Planning the next all-American summer road trip? You might want to look away, because the 2013 infrastructure report card by the American Society of Civil Engineers is likely to convince you to take a rain check.
Here are 5 scary realities the ASCE found when surveying the road infrastructure in the U.S.:
1. Bridge to nowhere
If you are one of those people who get criticized for squinting their eyes a little every time they drive over a bridge, you just may be onto something. The ASCE report card elucidates that the
average age of bridges in the U.S. is 42 years old, with 25 percent of them proving to be deficient. If these numbers aren’t concerning enough, approximately 2010 million trips are taken daily across deficient bridges in the nation’s 102 largest metropolitan regions. These metropolitan bridges are decaying much more rapidly than rural ones, and although states and cities are increasing efforts to make repairs and replacements, current funding levels are simply not enough to replace the nation’s large-scale, urban bridges. Fortunately, the percentage of deficient bridges has been declining slowly, but the nation must also work on increasing its level of postings on bridges that warrant closures, or are subject to load restrictions.
2. Highway not my way
report card details the major U.S. cities and shows the annual number of hours a typical auto commuter spends in highway traffic, according to the year and place of residence. While drivers in Albuquerque, New Mexico, have seen a decrease in the number of hours from a peak of 35 hours in 2007 to 25 now, Houston, Texas, commuters have seen a gradual increase and now sit in their car for around 57 hours each year, compared to 24 hours in 1982.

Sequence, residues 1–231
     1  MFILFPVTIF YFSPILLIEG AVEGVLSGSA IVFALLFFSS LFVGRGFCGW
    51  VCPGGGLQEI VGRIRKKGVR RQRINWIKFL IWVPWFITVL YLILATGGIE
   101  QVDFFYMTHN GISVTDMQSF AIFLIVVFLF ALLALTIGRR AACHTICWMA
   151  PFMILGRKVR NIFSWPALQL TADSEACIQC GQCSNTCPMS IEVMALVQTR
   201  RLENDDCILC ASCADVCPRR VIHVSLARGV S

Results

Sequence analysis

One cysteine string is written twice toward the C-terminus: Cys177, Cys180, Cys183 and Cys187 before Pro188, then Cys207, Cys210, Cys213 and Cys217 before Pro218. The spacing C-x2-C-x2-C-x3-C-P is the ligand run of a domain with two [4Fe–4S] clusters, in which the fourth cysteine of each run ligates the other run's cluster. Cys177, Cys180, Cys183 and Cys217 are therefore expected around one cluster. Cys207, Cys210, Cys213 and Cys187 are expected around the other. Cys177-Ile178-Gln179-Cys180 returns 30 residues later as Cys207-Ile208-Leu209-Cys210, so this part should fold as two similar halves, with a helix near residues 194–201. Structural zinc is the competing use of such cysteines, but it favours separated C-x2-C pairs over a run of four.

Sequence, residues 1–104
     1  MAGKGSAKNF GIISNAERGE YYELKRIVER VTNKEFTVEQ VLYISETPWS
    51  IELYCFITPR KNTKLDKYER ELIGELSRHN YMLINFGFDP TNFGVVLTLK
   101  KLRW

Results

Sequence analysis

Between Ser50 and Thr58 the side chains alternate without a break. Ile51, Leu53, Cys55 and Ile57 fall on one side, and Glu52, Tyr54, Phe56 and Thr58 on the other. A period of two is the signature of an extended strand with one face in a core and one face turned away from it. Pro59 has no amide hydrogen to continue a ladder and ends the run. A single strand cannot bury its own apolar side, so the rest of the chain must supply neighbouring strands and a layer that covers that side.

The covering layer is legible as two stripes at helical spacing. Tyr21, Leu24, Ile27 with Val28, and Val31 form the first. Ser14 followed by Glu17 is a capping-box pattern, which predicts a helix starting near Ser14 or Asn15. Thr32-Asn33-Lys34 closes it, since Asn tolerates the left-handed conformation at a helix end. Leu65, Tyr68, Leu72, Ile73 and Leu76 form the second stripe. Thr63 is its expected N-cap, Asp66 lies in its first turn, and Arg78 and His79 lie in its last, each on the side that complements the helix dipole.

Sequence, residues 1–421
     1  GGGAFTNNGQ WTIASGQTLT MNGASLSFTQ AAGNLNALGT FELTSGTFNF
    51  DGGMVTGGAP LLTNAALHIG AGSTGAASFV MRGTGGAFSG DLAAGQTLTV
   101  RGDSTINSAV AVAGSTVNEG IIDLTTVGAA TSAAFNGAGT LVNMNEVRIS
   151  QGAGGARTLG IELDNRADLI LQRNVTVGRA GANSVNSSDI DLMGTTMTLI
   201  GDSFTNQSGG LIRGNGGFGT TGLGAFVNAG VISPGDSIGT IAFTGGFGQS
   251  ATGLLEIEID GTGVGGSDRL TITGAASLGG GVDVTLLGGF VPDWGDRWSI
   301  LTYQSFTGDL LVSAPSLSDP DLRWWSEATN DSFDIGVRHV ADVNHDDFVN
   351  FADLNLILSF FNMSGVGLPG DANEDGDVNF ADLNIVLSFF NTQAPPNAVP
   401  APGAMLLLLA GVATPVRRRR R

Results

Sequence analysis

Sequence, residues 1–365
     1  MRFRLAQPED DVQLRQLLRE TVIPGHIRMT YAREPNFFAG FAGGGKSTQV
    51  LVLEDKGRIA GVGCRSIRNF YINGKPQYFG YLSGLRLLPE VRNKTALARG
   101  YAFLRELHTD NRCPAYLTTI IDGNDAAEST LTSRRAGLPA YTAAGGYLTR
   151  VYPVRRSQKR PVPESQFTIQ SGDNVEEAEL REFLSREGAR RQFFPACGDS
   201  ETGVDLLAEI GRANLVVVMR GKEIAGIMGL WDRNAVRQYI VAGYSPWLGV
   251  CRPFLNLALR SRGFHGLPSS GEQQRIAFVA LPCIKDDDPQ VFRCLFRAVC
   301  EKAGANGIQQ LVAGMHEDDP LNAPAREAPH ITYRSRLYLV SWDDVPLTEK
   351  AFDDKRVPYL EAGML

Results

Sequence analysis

3. Run-down roads
And those roads that drivers are wasting time sitting in traffic on aren’t exactly in exemplary condition. In fact, 32 percent of U.S. roads are in poor or mediocre condition, costing motorists $324 annually. This is a startling reality as America’s 4 million miles of roads are what serve as the link for people and goods throughout the country. The ability of trucks to have access to ports, rail terminals, and city centers is what determines the strength and viability of the U.S. economy. Though there has been recent improvement to pavement conditions, the American Recovery and Reinvestment Act only subsidized short surges of investment rather than long-term ones.
4. No help in sight
Additionally, the current investment in roads and bridges is not sufficiently meeting the country’s needs, and this trend is expected to only continue. The investment gap now totals $112 billion, and bridges and roads are suffering. Bridges post an $8 billion investment gap, while roads suffer a much greater deficit of $79 billion.
5. Dealing with crashes
Lastly, motor vehicle safety is a problem that is showing an extremely slow pattern of improvement. In 2010, the number of motor vehicle crashes reached more than 5.5 million, but was down from around 6 million in 2000.
The number of injured persons is certainly lower, posting a 2.5 million figure in 2010, just slightly higher than the average in 2009. Fatalities numbered 32,000 in 2009, after an alarming peak of over 44,000 in 2009. As evidenced by the three trends, the number of motor vehicle crashes and subsequent injuries and fatalities is on the decline. Although the three trends illustrate a decline in motor vehicle crashes and subsequent injuries and fatalities, an increase in investment could draw more drastic improvement as drivers would no longer be contending with unsafe road conditions.